Blocked Suez Canal could put squeeze on retail supply chain

Blocked Suez Canal could put squeeze on retail supply chain
The Suez Canal blockage has piled up a backlog of ships waiting to pass from the Indian Ocean to the Mediterranean, or vice versa. (Image: Twitter)
// Some goods made in China might be more difficult to get hold of in the UK thanks to the Suez Canal blockage
// This includes furniture, electronics and clothing to be stocked in high street shops up and down the UK
// Ships can divert around the southern tip of Africa, but this could add weeks to a trip

Some goods made in China might be more difficult to get hold of in the UK amid a shipping squeeze which exacerbated by a container ship blocking off the Suez Canal this week.

High demand had already put pressure on international shipping routes as businesses – particularly retailers – prepare for the end of Covid-19 restrictions from next month, even before the Ever Given ran aground in the vital waterway earlier this week.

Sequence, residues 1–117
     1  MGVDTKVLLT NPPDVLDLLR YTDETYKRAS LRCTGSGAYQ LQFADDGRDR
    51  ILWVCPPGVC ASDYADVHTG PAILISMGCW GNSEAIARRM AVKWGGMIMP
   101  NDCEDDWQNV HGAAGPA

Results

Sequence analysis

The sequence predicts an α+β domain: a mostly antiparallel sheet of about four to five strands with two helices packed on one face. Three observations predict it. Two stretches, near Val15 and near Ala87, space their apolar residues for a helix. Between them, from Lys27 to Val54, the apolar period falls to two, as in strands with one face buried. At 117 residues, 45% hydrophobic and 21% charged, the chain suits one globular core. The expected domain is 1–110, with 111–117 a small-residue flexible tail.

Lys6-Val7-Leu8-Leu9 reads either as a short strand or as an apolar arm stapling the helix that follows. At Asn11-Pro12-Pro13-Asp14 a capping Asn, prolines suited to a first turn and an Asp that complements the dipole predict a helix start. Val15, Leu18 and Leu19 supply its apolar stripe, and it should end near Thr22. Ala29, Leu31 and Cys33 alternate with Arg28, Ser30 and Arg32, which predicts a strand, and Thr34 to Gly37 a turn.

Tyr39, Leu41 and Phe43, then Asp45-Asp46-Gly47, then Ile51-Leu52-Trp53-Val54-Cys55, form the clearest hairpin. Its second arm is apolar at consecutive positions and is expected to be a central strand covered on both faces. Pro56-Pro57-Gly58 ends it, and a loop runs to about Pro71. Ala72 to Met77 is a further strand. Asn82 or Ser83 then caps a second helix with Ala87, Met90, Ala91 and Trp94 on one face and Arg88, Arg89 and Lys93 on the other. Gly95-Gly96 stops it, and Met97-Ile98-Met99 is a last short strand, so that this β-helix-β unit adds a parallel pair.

The blockage has piled up a backlog of ships waiting to pass from the Indian Ocean to the Mediterranean, or vice versa.

The Suez Canal is one of the world’s most important shipping routes, carrying about 10 per cent of all oil and goods which are transported by sea.

This includes furniture, electronics and clothing to be stocked in high street shops up and down the UK.

“Containerised freight is what gets most goods to most shops,” said Joanna Konings, a senior economist and trade expert at banking giant ING.

“So the whole range of things that people see that are imported, could be in these containers.

“All of that is either directly going through the Suez Canal, or it’s a product that competes with a product that’s going through this canal.”

Konings said this could give producers who are closer to the UK the chance to dominate the market, at least for a time.

However, while this could allow them to increase prices, she warned this might not be a wise move.

Initial hopes that excavators and tug boats could get the Ever Given loose quickly seem misplaced, and a company involved in the Suez rescue operation on Thursday spoke of it taking “days to weeks”.

Ocean freight normally plans for a couple of days’ delay on the month-long voyages, but more than a week is beyond normal.

Ships can divert around the southern tip of Africa, but this could add weeks to a trip.

with PA Wires

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